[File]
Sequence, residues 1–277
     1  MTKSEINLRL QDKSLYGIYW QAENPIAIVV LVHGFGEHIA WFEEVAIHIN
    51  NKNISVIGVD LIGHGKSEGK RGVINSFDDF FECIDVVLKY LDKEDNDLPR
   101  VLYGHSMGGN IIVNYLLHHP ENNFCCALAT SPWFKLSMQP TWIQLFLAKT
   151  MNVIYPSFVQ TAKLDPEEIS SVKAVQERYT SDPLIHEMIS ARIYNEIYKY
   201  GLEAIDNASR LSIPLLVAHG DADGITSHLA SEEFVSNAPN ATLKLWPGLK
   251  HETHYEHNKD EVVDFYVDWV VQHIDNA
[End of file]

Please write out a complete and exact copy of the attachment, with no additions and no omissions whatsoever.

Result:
Sequence, residues 1–277
     1  MTKSEINLRL QDKSLYGIYW QAENPIAIVV LVHGFGEHIA WFEEVAIHIN
    51  NKNISVIGVD LIGHGKSEGK RGVINSFDDF FECIDVVLKY LDKEDNDLPR
   101  VLYGHSMGGN IIVNYLLHHP ENNFCCALAT SPWFKLSMQP TWIQLFLAKT
   151  MNVIYPSFVQ TAKLDPEEIS SVKAVQERYT SDPLIHEMIS ARIYNEIYKY
   201  GLEAIDNASR LSIPLLVAHG DADGITSHLA SEEFVSNAPN ATLKLWPGLK
   251  HETHYEHNKD EVVDFYVDWV VQHIDNA